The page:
The above are the commonest of the bird calls heard throughoutthe year. They form the basis of the avian melody in India. Thismelody is reinforced from time to time by the songs of thosebirds that may be termed the seasonal choristers. It is thepresence or absence of the voices of these latter which impartsdistinctive features to the minstrelsy of every month of theyear.

In January the sprightly little metallic purple sunbird poursforth, from almost every tree or bush, his powerful song, which,were it a little less sharp, might easily be mistaken for thatof a canary.

From every mango tope emanates a loud "Think of me ... Never tobe." This is the call of the grey-headed flycatcher (Culicicapaceylonensis), a bird that visits the plains of northern Indiaevery winter. In summer it retires to the Himalayas for nestingpurposes. Still more melodious is the call of the wood-shrike,which is frequently heard at this season, and indeed during thegreater part of the year.

Every now and again the green barbet emits his curious chucklinglaugh, followed by a monotonous kutur, kutur, kuturuk. Atrare intervals his cousin, the coppersmith, utters a soft wowand thereby reminds us that he is in the land of the living.These two species, more especially the latter, seem to dislikethe cold weather. They revel in the heat; it is when thethermometer stands at something over 100° in the shadethat they feel like giants refreshed, and repeat their loudcalls with wearying insistence throughout the hours of daylight.

The nuthatches begin to tune up in January. They sing with morecheer than harmony, their love-song being a sharp penetratingtee-tee-tee-tee-tee.

The hoopoe reminds us of his presence by an occasional softuk-uk-uk. His breeding season, like that of the nuthatch, isabout to begin.

The magpie-robin or dhayal, who for months past has uttered nosound, save a scolding note when occasion demanded, now beginsto make melody. His January song, however, is harsh and crude,and not such as to lead one to expect the rich deep-toned musicthat will compel admiration in April, May and June.

Towards the end of the month the fluty call of the koel, anotherhot-weather chorister, may be heard in the eastern portions ofnorthern India.

Most of the cock sunbirds cast off their workaday plumage andassumed their splendid metallic purple wedding garment inNovember and December, a few, however, do not attain their fullglory until January. By the end of the month it is difficult tofind a cock that is not bravely attired from head to tail iniridescent purple.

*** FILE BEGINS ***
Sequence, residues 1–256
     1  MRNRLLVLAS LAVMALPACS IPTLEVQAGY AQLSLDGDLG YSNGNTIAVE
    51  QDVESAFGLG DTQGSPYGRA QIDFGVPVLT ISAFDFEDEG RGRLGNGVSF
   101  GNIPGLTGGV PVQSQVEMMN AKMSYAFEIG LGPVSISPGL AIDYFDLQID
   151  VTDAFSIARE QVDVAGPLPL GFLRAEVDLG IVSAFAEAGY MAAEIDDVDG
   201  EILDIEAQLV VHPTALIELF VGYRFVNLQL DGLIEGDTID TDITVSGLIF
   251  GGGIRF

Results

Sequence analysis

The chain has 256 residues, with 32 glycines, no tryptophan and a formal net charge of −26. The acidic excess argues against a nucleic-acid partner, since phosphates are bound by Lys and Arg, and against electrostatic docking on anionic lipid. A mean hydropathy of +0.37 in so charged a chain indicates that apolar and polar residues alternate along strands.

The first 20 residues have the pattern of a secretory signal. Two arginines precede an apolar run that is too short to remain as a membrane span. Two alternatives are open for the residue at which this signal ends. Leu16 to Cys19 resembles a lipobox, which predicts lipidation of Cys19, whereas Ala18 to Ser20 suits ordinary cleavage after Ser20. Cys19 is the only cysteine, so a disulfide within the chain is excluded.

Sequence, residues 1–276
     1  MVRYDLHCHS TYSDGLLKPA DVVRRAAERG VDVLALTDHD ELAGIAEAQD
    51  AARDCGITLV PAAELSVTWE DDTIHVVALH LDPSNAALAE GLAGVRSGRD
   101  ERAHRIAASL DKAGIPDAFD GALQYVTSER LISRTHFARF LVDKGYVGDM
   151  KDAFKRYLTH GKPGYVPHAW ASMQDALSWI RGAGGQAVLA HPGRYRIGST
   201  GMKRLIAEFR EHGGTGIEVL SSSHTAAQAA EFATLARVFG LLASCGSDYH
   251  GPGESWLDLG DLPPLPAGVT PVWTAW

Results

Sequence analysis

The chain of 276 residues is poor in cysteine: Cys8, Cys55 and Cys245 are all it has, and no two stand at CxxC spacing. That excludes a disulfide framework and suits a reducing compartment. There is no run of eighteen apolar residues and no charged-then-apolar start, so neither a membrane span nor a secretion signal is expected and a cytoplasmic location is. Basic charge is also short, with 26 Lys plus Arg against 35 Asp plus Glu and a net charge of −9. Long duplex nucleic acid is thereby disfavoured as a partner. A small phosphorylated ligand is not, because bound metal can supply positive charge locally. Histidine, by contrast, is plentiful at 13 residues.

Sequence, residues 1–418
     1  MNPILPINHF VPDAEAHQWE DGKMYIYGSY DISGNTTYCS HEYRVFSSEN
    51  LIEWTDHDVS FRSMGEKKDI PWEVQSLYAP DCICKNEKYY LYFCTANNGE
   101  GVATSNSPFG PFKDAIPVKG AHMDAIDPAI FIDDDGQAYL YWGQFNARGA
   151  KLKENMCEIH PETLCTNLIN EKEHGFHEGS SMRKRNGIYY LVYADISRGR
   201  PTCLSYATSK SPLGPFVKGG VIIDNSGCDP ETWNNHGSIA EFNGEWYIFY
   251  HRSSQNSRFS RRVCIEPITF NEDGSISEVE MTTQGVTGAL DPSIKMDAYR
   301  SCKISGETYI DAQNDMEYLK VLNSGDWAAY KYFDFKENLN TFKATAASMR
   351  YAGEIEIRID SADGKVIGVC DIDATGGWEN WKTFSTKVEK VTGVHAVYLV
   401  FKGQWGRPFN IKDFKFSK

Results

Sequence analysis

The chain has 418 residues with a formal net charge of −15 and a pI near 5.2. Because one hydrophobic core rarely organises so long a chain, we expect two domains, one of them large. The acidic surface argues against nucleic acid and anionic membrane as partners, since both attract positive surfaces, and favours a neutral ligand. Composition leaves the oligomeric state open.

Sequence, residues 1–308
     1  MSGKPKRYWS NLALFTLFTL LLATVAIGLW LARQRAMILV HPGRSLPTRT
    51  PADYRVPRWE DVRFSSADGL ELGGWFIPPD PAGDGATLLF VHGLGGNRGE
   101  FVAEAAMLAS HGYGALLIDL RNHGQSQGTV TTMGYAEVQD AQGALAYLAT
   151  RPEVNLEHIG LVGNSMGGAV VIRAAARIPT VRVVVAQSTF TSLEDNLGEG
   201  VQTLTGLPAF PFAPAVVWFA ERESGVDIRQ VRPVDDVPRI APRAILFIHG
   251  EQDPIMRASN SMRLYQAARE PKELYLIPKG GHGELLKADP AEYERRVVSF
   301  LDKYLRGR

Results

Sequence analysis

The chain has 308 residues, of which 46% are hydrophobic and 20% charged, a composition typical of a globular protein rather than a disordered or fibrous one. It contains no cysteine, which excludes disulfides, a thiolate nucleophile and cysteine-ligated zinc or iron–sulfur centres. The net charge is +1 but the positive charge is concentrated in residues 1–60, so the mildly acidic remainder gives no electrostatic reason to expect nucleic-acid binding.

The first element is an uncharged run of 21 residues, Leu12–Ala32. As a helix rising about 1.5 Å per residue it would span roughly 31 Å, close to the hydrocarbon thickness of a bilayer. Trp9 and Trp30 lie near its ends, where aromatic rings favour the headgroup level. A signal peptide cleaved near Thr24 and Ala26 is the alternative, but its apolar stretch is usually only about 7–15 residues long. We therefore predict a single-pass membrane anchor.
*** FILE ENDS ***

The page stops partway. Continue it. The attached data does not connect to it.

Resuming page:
Comparatively few birds build their nests in January. Needlessto state, doves' nests containing eggs may be found at thisseason as at all other seasons. It is no exaggeration to assertthat some pairs of doves rear up seven or eight broods in thecourse of the year. The consequence is that, notwithstanding thefact that the full clutch consists of but two eggs, doves sharewith crows, mynas, sparrows and green parrots the distinction ofbeing the most successful birds in India.

The nest of the dove is a subject over which most ornithologistshave waxed sarcastic. One writer compares the structure to abundle of spillikins. Another says, "Upset a box of matches in abush and you will have produced a very fair imitation of adove's nursery!" According to a third, the best way to make animitation dove's nest is to take four slender twigs, lay two ofthem on a branch and then place the remaining two crosswise ontop of the first pair. For all this, the dove's nest is awonderful structure; it is a lesson in how to make a little go along way. Doves seem to place their nurseries haphazard on thefirst branch or ledge they come across after the spirit hasmoved them to build. The nest appears to be built solely onconsiderations of hygiene. Ample light and air are a sine quanon; concealment appears to be a matter of no importance.

In India winter is the time of year at which the larger birds ofprey, both diurnal and nocturnal, rear up their broods.Throughout January the white-backed vultures are occupied inparental duties. The breeding season of these birds begins inOctober or November and ends in February or March. The nest,which is placed high up in a lofty tree, is a large platformcomposed of twigs which the birds themselves break off from thegrowing tree. Much amusement may be derived from watching thestruggles of a white-backed vulture when severing a toughbranch. Its wing-flapping and its tugging cause a greatcommotion in the tree. The boughs used by vultures for theirnests are mostly covered with green leaves. These last withersoon after the branch has been plucked, so that, after the firstfew days of its existence, the nest looks like a great ball ofdead leaves caught in a tree.

The nurseries of birds of prey can be described neither aspicturesque nor as triumphs of architecture, but they have thegreat merit of being easy to see. January is the month in whichto look for the eyries of Bonelli's eagles (Hieraetusfasciatus); not that the search is likely to be successful. Thehigh cliffs of the Jumna and the Chambal in the Etawah districtare the only places where the nests of this fine eagle have beenrecorded in the United Provinces. Mr. A. J. Currie has found thenest on two occasions in a mango tree in a tope at Lahore. Ineach case the eyrie was a flat platform of sticks about twicethe size of a kite's nest. The ground beneath the eyrie waslittered with fowls' feathers and pellets of skin, fur and bone.Most of these pellets contained squirrels' skulls; and Mr.Currie actually saw one of the parent birds fly to the nest witha squirrel in its talons.

Bonelli's eagle, when sailing through the air, may be recognisedby the long, hawk-like wings